onsdag 26 april 2017


No not the one with Walter Mathau and Jack Lemmon. Although it would have been better if it had ended with a kung fu showdown. No this one stars Sammo Hung and Lau Kar Wing ( brother of legendary martial arts filmmaker Lau Kar Leung) as two rival weapons masters that one day each year meet up to decide once and for all who is the best of them both. And every year it ends with a tie so they end up taking up pupils to fight for them instead. It´s a great showcase of some of teh best weapons work in a martial arts film ever. And this final fight si breathtaking.

lördag 22 april 2017

NINJA (2009)

Good ninja movies  are hard to find these days. They seem to have disappeared in the popular consciousness with a big smokebomb. They used to be everywhere in the eighties. Hell I remember they were even in the soap opera Falcon Crest back in the day , but don´t quote me on that one. My memory is pretty hazy. Like mist in the past clouding my ninja memories.

Ninja directed by Isaac Florentine is a beautiful breeze of fresh air in Ninja-cinema. An actual solid Ninja movie for the 2000´s using a lot of the mythical tropes we associate with the pop art version of Ninja. I am not sure if what we associate with the word Ninja has any historical validity. But history is sketchy anyway.

Scott Adkins stars as American Ninja Scott Bowman, adopted as an orphan into a japanese dojo by Sensei Takeda played by Togo Igawa (Street Fighter:Assassins Fist). But he has a rival on the school, Mazasuka who don´t care for gaijin or outsiders. Like Sho Kosugis character in Enter The Ninja never cared of Franco Nero in Enter The Ninja. So already we have established a conventional conflict in Ninja cinema, in which Ninja adhers to. Mazasuka  wants to become the next sensei of Ninja-school so he can get the family treasure ( a bunch of awesome ninja shit), but he gets his ass banished from said Ninja-school during a friendly matchup against Casey, but ends up not-so-friendly. He vows revenge..blablabla and soforth. Casey is on route to become the next sensei instead, while Mazasuka finds a new career path as an assassin for a ridiculous cult of white priviledged men out to kill its business competitors and strikes a deal with them.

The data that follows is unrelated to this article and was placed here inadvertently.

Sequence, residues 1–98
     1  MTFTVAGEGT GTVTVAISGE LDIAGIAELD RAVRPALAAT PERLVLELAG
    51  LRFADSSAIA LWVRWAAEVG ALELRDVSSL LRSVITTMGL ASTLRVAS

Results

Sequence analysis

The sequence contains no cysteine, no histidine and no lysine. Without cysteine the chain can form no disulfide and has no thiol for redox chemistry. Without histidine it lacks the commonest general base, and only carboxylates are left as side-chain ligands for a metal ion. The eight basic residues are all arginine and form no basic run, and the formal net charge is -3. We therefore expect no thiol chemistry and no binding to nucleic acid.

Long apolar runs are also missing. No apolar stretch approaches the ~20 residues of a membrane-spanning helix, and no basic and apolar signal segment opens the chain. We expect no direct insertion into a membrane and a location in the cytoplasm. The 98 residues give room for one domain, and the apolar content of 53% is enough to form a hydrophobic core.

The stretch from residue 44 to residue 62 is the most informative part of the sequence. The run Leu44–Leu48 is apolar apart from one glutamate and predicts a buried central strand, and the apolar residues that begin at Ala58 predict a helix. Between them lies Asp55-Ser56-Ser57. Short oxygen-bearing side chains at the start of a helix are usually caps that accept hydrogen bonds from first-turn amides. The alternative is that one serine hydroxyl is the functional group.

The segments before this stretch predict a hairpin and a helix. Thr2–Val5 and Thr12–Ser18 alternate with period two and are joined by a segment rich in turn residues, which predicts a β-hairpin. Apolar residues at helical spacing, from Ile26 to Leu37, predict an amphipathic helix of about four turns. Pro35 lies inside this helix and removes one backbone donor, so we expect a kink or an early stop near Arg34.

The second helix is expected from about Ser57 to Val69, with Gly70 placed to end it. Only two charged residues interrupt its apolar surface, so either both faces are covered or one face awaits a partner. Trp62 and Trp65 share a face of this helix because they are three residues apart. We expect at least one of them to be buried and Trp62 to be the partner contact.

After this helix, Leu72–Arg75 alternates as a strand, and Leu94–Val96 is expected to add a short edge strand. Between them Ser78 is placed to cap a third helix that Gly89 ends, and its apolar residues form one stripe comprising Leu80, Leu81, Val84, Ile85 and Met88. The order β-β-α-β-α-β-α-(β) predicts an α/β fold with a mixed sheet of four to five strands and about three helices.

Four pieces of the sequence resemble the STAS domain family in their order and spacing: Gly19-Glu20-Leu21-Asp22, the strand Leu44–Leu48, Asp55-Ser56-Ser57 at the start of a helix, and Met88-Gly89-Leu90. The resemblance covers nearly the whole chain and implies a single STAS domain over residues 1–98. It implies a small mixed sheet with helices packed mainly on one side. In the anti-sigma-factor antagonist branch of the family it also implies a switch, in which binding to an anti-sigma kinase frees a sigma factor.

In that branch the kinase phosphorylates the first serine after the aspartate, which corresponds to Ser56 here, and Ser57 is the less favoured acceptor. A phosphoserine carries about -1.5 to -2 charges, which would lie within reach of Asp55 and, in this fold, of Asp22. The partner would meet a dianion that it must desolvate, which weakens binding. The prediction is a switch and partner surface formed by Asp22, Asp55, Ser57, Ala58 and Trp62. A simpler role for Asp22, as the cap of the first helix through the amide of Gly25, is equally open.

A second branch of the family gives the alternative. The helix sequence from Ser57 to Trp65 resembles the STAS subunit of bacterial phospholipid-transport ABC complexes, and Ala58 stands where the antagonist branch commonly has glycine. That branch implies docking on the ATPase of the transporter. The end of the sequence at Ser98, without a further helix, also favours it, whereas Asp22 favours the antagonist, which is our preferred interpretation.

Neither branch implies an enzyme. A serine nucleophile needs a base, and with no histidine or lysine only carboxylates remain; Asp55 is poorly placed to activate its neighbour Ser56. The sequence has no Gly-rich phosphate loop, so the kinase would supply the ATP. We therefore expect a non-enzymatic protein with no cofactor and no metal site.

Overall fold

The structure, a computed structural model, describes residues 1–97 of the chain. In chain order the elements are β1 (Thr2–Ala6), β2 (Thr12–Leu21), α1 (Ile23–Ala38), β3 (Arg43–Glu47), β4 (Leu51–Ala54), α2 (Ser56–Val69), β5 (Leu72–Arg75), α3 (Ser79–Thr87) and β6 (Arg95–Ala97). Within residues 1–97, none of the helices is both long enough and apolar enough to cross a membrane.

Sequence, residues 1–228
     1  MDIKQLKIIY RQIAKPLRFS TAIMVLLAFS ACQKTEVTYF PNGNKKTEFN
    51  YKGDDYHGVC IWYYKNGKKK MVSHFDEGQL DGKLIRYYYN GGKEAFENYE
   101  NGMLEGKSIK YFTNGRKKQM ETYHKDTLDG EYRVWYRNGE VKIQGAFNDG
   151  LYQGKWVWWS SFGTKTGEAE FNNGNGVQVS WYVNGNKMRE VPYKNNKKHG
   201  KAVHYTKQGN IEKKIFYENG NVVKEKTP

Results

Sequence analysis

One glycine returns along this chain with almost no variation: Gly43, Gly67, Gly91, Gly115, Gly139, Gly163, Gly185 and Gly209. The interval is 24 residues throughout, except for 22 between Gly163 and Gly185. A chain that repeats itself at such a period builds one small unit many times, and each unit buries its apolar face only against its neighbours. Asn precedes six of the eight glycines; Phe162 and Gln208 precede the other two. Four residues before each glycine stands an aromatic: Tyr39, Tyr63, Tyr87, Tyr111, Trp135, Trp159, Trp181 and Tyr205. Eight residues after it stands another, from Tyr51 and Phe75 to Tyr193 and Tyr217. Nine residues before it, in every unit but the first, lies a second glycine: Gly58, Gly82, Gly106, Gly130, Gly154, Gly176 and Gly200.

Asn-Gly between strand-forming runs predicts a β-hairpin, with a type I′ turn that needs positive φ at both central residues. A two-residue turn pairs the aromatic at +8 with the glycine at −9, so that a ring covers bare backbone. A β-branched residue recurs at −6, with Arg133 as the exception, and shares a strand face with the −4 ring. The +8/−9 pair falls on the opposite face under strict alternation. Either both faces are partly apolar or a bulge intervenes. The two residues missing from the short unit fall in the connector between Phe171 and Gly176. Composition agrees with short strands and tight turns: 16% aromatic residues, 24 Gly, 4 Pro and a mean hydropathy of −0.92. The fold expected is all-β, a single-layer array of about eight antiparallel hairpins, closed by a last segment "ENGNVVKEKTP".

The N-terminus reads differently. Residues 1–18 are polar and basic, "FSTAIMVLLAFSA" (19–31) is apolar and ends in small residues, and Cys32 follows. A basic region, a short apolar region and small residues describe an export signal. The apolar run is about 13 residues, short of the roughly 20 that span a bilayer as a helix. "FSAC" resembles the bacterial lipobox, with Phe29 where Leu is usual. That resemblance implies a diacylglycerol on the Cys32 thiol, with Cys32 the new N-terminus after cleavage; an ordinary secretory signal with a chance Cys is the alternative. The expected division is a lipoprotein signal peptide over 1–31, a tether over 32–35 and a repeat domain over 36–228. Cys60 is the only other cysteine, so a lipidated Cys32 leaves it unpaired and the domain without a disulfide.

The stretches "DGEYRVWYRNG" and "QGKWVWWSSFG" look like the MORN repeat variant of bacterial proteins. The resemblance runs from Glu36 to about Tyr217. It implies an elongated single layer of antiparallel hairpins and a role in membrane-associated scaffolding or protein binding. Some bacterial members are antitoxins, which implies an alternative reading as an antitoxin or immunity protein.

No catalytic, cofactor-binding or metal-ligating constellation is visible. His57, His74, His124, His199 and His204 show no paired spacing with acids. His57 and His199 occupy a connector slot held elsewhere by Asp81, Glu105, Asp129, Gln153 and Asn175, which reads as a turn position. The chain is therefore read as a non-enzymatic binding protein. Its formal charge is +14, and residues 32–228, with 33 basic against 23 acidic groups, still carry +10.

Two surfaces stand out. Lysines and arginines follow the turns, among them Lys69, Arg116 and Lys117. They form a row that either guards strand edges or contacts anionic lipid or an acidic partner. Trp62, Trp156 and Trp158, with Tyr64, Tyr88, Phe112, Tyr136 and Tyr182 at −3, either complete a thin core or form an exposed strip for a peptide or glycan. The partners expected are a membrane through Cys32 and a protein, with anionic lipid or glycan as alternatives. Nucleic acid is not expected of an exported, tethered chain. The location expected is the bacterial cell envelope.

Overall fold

Later he kills Sensei Takeda and comes after Casey and the treasure. That is the plot. And it is pretty basic compared to the convoluted affairs of the sequel. 

Florentine and Adkins has gone on  record saying they were never really pleased with this first Ninja outing, that it was too reliant on wirework and CGI. I can see that. But the more I watch this the more it feels like a true ninja-film of yore with shurikens, katana-blades and a vast array of different Ninja weaponry. And there are a lot of excellent fight scenes in this as well. Scott Adkins goes up against a whole room of scumbags and dispatches them in a most beautiful way. There is also a very impressive subway fight that, according to Florentine, was one of the few scenes he was proud of in the making of Ninja.

I think the more heightened impact the wirework and CG actually gives this film the type of flavour it needs. The silliness of ninjas and their almost supernatural skills is something that eighties nnja-cinema exploited in intriguing ways and the exoticism of japanese culture was at a highpoint so it would not be completely out of place of having this exaggurated look at a pop culture phomenon that has not been relevant in decades. As such I think the film works as a film belonging to a tradition of Ninja-filmmaking long gone.A tradition that has vanished in thin air to suddenly re-appear in 2009 to ambush the audience with its silly but awesome  sets of trickery.